Why what’s good for hardworking Americans isn’t always good for the stock market

Trader George Ettinger, center, works on the floor of the New York Stock Exchange, Tuesday, Feb. 6, 2018. The Dow Jones industrial average fell as much as 500 points in early trading, bringing the index down 10 percent from the record high it reached on Jan. 26. The DJIA quickly recovered much of that loss. (AP Photo/Richard Drew)

Unemployment is down. GDP is growing. Wages are going up.

These are all good things, for the economy and for working Americans.

But they also mean that the cost of labor is rising, which can be a drag for profits and big corporations in general.

What’s good for the American working class isn’t always good for the stock market. Main Street and Wall Street aren’t always the same road.

The Federal Reserve sees the signs that the economy is growing as a signal it’s time to raise interest rates — if the economy is growing, consumers don’t need zero-percent interest loans to keep cash circulating and confidence high (also a good thing).

Tate Lacey, policy analyst at the Cato Institute’s Center for Monetary and Financial Alternatives, said the expected rate hikes coming from the Fed later this year will create “some upward pressure” — making things a little more expensive for those seeking their first mortgage, looking to refinance an existing one or get a new car loan — but will keep the actual economy from seeming as volatile as the stock market for the long term.

Americans want a central bank that takes a longer-term focus and takes things like keeping inflation under control more seriously than reacting to day-to-day or even intra-day fluctuations.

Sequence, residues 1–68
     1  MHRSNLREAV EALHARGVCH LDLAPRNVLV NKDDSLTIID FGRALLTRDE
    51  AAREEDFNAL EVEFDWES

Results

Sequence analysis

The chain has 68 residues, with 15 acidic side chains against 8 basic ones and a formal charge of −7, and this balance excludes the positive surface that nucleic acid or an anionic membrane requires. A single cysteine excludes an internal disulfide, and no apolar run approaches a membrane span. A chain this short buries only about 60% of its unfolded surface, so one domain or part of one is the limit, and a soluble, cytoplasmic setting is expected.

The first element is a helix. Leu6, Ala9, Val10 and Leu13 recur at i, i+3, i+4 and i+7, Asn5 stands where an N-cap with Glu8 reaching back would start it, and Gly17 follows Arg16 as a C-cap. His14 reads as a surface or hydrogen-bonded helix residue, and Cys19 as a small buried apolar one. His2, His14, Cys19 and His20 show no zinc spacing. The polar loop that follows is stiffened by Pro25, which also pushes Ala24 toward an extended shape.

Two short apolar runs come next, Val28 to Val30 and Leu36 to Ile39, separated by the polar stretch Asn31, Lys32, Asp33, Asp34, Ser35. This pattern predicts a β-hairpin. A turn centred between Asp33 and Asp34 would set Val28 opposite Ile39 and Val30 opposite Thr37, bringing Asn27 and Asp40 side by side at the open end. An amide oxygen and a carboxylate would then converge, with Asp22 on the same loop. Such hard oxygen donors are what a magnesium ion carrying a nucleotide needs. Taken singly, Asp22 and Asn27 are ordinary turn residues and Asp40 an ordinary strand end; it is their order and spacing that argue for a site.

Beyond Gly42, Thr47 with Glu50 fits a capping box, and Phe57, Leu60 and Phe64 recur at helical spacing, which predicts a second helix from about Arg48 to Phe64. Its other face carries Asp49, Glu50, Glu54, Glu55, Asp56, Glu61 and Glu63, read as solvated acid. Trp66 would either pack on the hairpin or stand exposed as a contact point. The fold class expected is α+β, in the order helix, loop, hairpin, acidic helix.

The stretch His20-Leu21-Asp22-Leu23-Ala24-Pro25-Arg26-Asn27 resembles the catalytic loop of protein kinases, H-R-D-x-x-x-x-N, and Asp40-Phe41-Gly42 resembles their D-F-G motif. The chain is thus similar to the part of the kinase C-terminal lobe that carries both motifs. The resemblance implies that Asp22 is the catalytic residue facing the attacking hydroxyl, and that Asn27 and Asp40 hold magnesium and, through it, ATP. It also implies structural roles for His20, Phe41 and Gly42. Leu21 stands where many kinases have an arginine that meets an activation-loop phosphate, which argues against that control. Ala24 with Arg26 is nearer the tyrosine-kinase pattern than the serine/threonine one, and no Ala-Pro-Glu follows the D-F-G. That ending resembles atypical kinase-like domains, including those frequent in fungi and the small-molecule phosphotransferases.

“Inflation not properly curbed can be a pernicious economic force,” he said.

When it comes to corporations like the ones with stocks traded on the Dow Jones industrial average, those rising interest rates and wages both cost them more money, to both borrow and pay their employees.

It’s a little scary when the stock market gets volatile, but it’s also part of the painful process of coming back down to something close to normal after some possible artificial highs.

“If you look at it on percentage terms, it’s nowhere near one of the worst days ever,” Lacey said.

Stocks plunged at Tuesday’s opening bell and yo-yo’ed their way through the rest of the day in some of the largest swings ever, according to the Wall Street Journal. Steep drops Friday and Monday erased the gains made since the beginning of the year by the, Dow Jones industrial average, an index made up of 30 big-name U.S. companies, and the broader Standard & Poor’s 500.

But both remain higher than they have been over the past 12 months, with the Dow still up 20 percent and the S&P 500 up 15 percent from a year ago and the volatility by no means indicates the broader economy is in trouble. While S&P 500 is down 8.4 percent from its record high on January 26, that’s still less than the 10 percent Wall Street considers a “correction.”

A White House spokesman said Tuesday morning that President Donald Trump is not focused on this week’s stock market volatility, in spite of repeatedly touting Wall Street’s climb since his election.

“Obviously the president did tout the stock market, but I would hardly say that he focused on it,” White House deputy press secretary Hogan Gidley said during Fox Business network appearance, contending that the Trump Administration’s mission to cut regulations is helping businesses create more jobs and grow.

“The fundamentals of this American economy are strong and the American people quite frankly are seeing the effect,” Gidley said.

What do you think?

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